Jenny, with her Asian face, has instant credibility among the radicals, and Choi’s rendering of the kneejerk racial pieties of that world may be her most trenchant contribution to the literature of the counterculture. When the first bomb Jenny plants explodes, “William sees her quaking…and kneels quickly before her, grabs her hands…as if she is a child. ‘Think of that being dropped onto people,’ he hisses. ‘Balls of fire dropped down onto children. Little children who look just like you.'” To the radical left, Jenny is a symbol of everything worth fighting for. And the very nature of her symbolism brings her into conflict with Pauline, whose symbolism is the inversion of her own. “She knows how important she is,” Juan says to Jenny of the heiress. “The Publicity Princess. But she’s still got to learn that there’s no substitute for a Third World perspective like yours. Brown, yellow, black, red: those are four things that she’ll never be. And she isn’t just white, she’s a filthy rich white…she can’t kill what she is. She can only atone.”

As women chafing against their symbolic freight and growing weary of the overbearing males who are as plentiful inside the radical movement as outside it, Jenny and Pauline have much in common. In time they figure this out. After Juan and Yolanda’s plan for a bloodless robbery goes brutally awry, Jenny escapes with Pauline and the two make a lengthy drive back to San Francisco. This exodus is Choi’s real flight of fancy: the part of the story with no apparent basis in reality, and the occasion for some of her strongest writing. In describing the boundary-less intimacy between the two women, Choi brings us closest to the sensory experience of underground life, or, as she puts it, “dropping into a rabbits’ warren of the imagination where reinvention of the self was possible.” In a world without rules, the daughter of a man jailed for his Japanese blood can merge, in some sense, with the daughter of the man whose newspapers championed internment camps. Choi beautifully evokes the eroticism inherent in this liminal existence. “Prior history all seems unreal,” she writes. Jenny and Pauline “don’t remember that they are two girls, fabulous prey, on the run from the law everywhere. In this sticky cocoon it’s surprising, perhaps, that they never make love to each other.” Pauline, we learn, has had sex with women in the years since her kidnapping. “She’s done it, at the outset always more obediently than with desire, then abruptly overshooting desire for something narcotic and unprecedented. Yet now it is barely remembered; it is the way, though they don’t realize yet, this time also will be.”

In dishing up the swoony blend of violence, sexuality and self-creation that coalesces in underground life, Choi’s narrative achieves an immediacy that it sometimes lacks when her stance is more analytical. For all the pages we spend inside Jenny’s head, she often comes across as someone viewed from a distance. For example, several times during her tenure in the farmhouse we’re told that she’s reading, but never what she reads. (Hearst gives us more on that front; in Every Secret Thing, Yoshimura is caught reading a book on French separatism in Quebec, for which Bill Harris “lambasted her unmercifully for wasting her time on such a bourgeois irrelevant subject.”) And Jenny speaks to her fellow fugitives with such unfailing reasonableness–always demurring, for example, when she is lauded for being Asian, apparently never for even one second buying into the notion of her specialness–that it can be hard to imagine her taking the actions she does, despite her persuasive psychology. I longed for the unreason of Jenny’s actions to infect her thoughts and words–it would have allowed me to experience her plight in a more urgent way.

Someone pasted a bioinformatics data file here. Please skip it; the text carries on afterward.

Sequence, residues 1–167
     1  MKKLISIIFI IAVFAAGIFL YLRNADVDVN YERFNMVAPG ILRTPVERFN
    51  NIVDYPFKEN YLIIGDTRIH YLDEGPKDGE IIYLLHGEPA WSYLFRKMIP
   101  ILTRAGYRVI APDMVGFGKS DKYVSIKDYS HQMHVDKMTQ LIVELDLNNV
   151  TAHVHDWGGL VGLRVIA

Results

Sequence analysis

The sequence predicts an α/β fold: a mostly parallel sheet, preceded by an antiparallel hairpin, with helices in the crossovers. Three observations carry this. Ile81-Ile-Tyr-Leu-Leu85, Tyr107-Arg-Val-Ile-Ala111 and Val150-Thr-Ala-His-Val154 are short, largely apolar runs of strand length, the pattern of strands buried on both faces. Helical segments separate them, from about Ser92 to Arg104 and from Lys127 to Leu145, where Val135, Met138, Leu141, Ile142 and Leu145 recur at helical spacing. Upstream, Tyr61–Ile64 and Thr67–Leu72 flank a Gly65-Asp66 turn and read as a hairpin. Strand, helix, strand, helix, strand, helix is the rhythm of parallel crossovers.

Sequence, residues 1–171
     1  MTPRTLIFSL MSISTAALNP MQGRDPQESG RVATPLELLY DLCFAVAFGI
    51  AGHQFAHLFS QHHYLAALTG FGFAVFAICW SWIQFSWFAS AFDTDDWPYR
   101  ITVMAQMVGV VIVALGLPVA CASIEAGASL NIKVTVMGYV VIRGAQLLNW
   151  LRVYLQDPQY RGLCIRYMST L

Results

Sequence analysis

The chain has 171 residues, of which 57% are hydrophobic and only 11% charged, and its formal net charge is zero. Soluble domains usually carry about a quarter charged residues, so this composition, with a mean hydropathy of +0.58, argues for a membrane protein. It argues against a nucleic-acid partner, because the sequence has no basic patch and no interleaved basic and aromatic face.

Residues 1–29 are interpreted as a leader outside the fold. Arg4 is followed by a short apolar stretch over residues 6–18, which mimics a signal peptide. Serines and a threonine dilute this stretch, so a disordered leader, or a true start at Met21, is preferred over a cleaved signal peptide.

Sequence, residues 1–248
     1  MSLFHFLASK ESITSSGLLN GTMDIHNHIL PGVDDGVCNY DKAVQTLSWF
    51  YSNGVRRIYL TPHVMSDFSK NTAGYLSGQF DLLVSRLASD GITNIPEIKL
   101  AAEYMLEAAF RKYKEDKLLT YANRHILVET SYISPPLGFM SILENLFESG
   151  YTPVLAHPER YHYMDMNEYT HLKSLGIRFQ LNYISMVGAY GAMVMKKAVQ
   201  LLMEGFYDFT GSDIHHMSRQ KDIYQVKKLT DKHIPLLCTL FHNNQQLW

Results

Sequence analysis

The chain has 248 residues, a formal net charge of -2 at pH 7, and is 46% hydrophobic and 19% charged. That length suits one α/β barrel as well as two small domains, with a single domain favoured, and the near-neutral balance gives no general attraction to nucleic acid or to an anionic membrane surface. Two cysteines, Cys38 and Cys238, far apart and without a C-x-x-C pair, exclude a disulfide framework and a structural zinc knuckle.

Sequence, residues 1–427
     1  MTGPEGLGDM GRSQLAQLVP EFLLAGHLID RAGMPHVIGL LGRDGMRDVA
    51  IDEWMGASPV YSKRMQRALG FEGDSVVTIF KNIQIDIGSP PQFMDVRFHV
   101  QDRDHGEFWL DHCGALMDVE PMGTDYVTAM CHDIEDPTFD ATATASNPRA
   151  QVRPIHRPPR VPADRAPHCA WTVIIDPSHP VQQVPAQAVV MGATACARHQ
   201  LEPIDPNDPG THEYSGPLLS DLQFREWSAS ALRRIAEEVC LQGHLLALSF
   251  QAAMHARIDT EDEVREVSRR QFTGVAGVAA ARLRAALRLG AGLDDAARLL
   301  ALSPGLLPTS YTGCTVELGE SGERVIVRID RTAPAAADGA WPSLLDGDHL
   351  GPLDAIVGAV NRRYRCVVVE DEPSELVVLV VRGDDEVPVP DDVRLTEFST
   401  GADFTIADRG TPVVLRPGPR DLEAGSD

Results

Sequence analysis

Of course, the very nature of liminal states is that they must end, and the normal rules of life reassert themselves. For Jenny and Pauline, that end comes in the form of their arrest inside their shared apartment, at which point they are separated forever. Jenny is crushed to discover that despite their promises to shield each other from blame, Pauline betrays her instantly. Later, Jenny comes to see that this betrayal was as inevitable as her allegiance to the heiress was unlikely. “Pauline had realized her adventure was over,” Choi writes. “Pauline knew that her place in the world was assured–she need only resolve to accept it. And she had, out of fear, or resignation, or hard pragmatism, or perhaps just because, for them both, youth had come to an end.” The decision wasn’t really a decision, in other words, so much as a relaxation into the grip of forces–race, class, history–that are hard to transcend for very long, much less destroy.

Jenny, too, has a place in the world: She is her father’s daughter. Choi doesn’t show us the reunion between them, and her restraint is both what keeps American Woman from ever listing into sappiness or cliché, and what maintains an emotional distance between reader and story. But Jenny and her father find each other again, and the book’s last scene–their visit to a reunion at the camp where Jim Shimada was interned–is just right.

Still, I couldn’t help wondering, as I read American Woman, what Wendy Yoshimura would think of it. Patty Hearst is a public figure, a period icon who by now must be accustomed to the fact that she pops up in the dream lives of a certain generation of Americans. But Yoshimura, a California painter, has kept a low profile all these years. She has never written a book about her experiences. Should she ever decide to, she’ll find herself up against a work of real achievement that is built around the facts of her early life. Choi’s reflective voice has its price: This is not a novel that subsumes the reader in a whirligig of emotion and suspense, though at times I wished it would. But it is deeply impressive: confident, historically astute, psychologically persuasive. By its end I had come to believe this pithy remark of Frazer’s that jumped at me in its opening pages: “The most shocking act, closely examined, is just a louder version of some habitual gesture.”